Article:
International Development, Community, and Environment

Title

Resisting Blackness, Embracing Rightness: How Muslim Arab Sudanese Women Negotiate Their Identity in the Diaspora

Document Type

Article

Abstract

This article considers how a Muslim cultural discourse of 'propriety' has influenced Muslim Arab Sudanese ethnic identity in two locations and time periods in an expanding diaspora. Focusing in particular on women and their embodied practices of whitening and propriety in Egypt in the nineties and the United Kingdom a decade later, I argue that the recent turn towards Muslim expressions of Sudaneseness is a form of resistance to racial labelling. While Sudanese have rejected being labelled 'black' in Egypt and in the UK, their renegotiation of a Muslim religious identity in the diaspora nevertheless confirms a racialized Sudanese ethnicity. This study contributes to the rethinking of ethnicity in a transnational space where ethnic nationalism and globalized Islamic discourse intersect with local histories and hierarchies of race and gender. © 2012 Taylor and Francis Group, LLC.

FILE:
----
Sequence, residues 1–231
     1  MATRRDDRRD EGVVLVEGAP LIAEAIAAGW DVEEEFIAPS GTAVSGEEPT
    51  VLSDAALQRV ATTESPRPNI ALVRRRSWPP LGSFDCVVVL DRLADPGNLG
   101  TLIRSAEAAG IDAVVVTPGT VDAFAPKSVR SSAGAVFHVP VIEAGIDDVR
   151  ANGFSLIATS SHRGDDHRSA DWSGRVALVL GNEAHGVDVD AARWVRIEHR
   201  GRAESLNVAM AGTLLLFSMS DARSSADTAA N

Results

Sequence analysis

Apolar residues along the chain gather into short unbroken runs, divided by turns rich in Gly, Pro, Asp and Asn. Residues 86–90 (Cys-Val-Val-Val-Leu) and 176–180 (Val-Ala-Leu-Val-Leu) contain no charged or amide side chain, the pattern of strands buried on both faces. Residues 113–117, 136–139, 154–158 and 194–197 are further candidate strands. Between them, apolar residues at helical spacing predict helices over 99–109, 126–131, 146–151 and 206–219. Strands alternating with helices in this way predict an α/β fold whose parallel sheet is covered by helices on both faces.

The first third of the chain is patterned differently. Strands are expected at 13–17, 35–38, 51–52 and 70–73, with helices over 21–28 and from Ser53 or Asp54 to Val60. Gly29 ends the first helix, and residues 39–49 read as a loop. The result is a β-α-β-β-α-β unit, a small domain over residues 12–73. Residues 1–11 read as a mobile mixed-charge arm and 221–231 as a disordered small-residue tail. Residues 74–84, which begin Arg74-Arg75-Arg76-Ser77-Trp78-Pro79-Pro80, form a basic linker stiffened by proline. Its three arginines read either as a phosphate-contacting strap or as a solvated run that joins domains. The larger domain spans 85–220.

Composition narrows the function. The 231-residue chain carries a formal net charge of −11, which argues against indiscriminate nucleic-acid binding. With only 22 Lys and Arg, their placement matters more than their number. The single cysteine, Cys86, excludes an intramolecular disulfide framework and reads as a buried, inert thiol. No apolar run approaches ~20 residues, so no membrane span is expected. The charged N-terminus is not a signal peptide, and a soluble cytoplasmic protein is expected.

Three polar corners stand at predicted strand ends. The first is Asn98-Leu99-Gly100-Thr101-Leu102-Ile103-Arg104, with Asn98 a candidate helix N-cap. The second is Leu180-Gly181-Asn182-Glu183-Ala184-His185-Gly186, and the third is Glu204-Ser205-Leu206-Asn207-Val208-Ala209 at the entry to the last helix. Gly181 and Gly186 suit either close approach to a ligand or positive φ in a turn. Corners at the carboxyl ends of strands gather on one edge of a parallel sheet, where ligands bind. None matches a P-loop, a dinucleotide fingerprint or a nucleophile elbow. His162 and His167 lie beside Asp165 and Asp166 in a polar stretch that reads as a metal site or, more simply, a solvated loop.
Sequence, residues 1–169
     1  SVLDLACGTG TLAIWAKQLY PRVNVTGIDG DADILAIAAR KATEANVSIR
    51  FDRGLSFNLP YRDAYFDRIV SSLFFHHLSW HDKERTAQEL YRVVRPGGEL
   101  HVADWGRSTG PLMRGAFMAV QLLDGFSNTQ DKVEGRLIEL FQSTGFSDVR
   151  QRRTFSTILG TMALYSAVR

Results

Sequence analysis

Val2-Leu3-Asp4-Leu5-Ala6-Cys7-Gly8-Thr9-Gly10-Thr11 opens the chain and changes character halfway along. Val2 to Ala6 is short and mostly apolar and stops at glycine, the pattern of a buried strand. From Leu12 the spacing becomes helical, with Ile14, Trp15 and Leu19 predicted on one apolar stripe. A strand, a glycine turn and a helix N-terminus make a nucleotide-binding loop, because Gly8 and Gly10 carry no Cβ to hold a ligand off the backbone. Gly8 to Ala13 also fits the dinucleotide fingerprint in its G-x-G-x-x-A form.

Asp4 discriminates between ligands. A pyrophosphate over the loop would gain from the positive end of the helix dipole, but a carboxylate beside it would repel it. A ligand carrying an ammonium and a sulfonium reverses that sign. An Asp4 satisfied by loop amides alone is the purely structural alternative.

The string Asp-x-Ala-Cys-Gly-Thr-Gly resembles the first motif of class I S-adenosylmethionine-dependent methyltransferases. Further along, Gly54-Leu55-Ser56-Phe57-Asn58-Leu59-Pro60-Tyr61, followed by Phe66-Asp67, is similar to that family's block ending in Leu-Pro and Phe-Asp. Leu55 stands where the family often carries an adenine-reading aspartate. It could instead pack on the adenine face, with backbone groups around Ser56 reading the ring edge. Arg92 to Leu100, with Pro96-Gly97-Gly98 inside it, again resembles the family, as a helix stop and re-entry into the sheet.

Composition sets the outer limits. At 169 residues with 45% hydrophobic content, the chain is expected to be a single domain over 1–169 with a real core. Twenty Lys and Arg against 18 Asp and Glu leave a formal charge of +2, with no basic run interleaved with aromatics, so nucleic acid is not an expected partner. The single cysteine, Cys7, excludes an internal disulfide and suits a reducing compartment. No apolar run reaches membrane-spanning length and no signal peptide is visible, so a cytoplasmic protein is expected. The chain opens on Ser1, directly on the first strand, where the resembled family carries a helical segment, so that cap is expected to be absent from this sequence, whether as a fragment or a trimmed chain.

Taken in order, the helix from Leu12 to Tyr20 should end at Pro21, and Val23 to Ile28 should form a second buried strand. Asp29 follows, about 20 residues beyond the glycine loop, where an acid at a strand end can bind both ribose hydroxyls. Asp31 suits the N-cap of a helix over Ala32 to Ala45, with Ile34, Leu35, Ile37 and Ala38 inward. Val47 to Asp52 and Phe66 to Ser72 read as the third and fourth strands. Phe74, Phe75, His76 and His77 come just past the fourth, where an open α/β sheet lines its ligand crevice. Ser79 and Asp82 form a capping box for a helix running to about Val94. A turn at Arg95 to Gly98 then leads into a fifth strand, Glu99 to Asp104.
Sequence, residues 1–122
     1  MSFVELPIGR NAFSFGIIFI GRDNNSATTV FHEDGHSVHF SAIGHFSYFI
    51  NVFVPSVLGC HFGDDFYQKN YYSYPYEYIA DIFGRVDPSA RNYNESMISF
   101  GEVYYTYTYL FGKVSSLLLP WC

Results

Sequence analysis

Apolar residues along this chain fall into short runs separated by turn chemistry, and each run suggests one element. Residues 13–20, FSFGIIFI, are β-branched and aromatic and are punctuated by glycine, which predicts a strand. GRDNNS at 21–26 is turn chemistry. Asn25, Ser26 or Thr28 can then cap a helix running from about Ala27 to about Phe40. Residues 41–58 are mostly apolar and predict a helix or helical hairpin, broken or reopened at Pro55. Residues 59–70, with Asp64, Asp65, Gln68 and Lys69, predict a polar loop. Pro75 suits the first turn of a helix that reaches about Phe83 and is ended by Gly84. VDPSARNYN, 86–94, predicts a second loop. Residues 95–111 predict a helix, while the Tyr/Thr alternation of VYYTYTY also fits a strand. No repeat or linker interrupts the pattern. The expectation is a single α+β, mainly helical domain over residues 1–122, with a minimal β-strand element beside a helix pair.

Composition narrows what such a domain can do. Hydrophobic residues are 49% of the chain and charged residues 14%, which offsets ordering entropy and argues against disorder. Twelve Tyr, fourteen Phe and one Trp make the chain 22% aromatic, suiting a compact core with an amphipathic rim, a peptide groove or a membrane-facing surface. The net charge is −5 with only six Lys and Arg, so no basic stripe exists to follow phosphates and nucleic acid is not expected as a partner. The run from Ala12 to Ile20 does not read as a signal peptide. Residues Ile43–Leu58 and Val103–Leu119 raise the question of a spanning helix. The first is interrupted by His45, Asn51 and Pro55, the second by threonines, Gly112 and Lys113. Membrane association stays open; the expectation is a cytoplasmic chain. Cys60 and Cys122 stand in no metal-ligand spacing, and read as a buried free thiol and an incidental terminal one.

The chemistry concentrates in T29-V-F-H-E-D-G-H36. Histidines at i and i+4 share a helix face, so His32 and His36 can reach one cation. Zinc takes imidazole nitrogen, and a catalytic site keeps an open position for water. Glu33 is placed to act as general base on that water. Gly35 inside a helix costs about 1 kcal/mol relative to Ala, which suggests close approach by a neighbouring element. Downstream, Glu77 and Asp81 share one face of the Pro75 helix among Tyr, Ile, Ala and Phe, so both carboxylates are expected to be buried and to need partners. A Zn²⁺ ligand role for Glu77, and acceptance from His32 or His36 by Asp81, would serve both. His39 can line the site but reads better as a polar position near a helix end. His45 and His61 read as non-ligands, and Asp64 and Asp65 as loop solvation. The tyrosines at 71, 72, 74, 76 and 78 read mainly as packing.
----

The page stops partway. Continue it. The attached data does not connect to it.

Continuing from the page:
Publication Title

Ethnic and Racial Studies

Publication Date

2-1-2012

Volume

35

Issue

2

First Page

218

Last Page

237

ISSN

0141-9870

DOI

10.1080/01419870.2011.592594

Keywords

Britain, Egypt, race, Sudanese diaspora, whiteness, women

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